Electric Vehicles

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What is the Energy/CO2 balance of using electric vehicles?

According to an article in the Zeit of 2014-01 [1] the germany electric energy mix of 2014 creates 601g of CO2 per kWh.

A typical german VW Golf creates 169g of CO2 per kilometer.

A typical electric vehicle - Nissan Leaf is being used at 17.6 kWh per 100 kilometer which amounts to 106g of CO2 per kilometer at the 2014 electric energy mix. (See https://www.umweltbundesamt.de/themen/klima-energie/energieversorgung/strom-waermeversorgung-in-zahlen?sprungmarke=Strommix#Strommix for newer data)

On top of this energy per kilometer the energy to supply the fuel at the point of usage for the car and the energy to create and maintain the car needs to be added.

The energy for the supply of fuel amounts to 20% extra for the Golf example this would be 203 g of CO2 per km.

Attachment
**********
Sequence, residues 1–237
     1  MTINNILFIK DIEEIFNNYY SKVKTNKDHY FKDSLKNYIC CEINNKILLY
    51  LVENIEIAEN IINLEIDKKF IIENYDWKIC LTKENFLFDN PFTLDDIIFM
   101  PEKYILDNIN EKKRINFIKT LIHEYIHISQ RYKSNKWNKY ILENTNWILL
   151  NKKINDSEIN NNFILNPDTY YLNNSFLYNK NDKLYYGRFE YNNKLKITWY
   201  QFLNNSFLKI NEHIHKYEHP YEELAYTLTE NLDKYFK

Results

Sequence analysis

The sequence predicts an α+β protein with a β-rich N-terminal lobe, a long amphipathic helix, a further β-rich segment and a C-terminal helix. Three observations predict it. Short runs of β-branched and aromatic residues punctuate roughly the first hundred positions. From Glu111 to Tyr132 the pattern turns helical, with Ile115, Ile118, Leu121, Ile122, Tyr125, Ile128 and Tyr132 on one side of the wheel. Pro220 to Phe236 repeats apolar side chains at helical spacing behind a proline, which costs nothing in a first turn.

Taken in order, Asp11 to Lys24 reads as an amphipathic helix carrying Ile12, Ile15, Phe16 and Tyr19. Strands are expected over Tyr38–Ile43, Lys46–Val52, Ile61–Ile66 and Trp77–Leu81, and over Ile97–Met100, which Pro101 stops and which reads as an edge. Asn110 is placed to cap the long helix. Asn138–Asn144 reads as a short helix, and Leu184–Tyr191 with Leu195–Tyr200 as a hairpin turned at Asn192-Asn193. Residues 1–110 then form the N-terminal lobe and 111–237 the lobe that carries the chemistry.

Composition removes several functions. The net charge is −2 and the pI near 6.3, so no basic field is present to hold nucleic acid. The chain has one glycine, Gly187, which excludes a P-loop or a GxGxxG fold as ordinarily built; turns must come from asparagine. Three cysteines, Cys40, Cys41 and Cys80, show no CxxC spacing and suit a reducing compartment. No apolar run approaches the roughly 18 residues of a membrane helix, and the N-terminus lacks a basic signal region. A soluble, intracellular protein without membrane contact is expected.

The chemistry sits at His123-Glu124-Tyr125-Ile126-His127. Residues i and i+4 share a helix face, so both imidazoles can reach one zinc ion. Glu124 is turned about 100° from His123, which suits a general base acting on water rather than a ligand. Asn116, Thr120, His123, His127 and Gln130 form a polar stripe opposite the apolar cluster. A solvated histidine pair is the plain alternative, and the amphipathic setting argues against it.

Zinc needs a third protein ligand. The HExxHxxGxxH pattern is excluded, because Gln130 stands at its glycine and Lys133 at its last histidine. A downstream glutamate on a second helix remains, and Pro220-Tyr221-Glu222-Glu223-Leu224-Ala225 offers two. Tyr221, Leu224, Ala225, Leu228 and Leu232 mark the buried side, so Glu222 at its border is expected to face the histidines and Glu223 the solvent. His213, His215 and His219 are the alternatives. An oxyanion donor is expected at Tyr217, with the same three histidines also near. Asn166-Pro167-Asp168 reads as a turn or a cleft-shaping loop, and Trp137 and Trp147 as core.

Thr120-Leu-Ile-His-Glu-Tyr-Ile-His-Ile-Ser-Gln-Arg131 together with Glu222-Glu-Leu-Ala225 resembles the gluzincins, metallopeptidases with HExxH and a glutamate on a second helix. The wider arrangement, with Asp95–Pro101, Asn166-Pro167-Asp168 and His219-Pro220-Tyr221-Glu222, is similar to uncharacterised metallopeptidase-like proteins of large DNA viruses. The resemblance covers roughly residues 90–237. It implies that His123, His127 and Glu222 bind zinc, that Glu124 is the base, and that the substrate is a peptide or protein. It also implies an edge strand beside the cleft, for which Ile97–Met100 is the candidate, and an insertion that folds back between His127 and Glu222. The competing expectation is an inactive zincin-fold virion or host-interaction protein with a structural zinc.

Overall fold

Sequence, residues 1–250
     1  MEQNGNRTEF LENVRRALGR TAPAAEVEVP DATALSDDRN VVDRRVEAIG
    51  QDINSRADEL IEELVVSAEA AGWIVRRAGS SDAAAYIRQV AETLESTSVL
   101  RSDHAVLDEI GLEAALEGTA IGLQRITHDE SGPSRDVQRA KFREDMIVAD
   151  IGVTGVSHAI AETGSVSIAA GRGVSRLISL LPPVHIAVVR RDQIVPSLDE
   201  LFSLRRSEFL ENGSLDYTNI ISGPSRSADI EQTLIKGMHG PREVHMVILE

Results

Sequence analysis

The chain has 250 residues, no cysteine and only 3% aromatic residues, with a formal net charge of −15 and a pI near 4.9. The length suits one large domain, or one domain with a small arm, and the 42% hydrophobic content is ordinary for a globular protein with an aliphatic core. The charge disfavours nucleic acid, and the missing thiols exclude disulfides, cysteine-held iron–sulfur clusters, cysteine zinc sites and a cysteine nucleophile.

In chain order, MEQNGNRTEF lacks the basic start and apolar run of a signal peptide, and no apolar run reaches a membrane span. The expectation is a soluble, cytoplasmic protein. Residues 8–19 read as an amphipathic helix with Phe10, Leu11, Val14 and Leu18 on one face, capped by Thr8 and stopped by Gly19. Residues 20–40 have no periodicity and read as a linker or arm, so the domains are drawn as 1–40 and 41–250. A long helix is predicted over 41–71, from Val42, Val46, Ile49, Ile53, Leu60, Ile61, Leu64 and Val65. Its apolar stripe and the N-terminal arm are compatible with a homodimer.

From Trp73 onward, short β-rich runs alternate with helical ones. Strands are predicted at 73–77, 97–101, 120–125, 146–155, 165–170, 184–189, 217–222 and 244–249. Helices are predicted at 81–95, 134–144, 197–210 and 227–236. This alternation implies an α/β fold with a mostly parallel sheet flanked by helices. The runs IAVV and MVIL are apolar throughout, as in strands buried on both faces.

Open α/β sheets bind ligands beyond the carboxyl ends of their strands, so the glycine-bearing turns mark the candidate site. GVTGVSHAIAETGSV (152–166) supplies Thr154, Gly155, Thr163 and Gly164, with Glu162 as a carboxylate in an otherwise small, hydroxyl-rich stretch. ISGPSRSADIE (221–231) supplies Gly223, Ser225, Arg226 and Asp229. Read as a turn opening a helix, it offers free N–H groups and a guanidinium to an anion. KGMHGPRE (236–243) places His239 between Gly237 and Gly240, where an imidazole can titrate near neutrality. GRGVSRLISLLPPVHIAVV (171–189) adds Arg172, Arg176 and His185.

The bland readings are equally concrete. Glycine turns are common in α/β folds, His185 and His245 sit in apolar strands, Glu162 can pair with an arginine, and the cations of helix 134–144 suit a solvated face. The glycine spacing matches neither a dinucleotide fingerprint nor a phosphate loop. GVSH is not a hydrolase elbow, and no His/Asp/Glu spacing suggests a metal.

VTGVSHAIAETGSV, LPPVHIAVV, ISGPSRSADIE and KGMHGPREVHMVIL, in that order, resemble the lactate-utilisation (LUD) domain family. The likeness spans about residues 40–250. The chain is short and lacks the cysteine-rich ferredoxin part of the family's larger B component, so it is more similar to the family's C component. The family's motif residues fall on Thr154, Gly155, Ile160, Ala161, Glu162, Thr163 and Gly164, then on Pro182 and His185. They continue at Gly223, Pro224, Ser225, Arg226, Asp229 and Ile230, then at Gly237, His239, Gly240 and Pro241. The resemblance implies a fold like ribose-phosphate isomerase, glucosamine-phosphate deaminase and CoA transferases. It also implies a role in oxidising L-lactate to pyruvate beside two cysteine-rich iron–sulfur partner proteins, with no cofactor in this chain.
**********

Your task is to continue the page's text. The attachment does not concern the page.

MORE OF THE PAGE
The full details of the needed energy amount to create the batteries for EVs are not know but there is an estimate by the IFEU Heidelberg [2] that assumes 125 kg per kWH capacity. For the leaft this would amount to 3 metric tons of CO2 and compared to a VW Golf it would take 28.000 km of operation before the Nissan Leaf operates more ecologic than the VW Golf.

A 2017 swedish study [3] estimates that it take 8.2 years for a 100 kWh Tesla to reach the point where it makes ecological sense to drive it.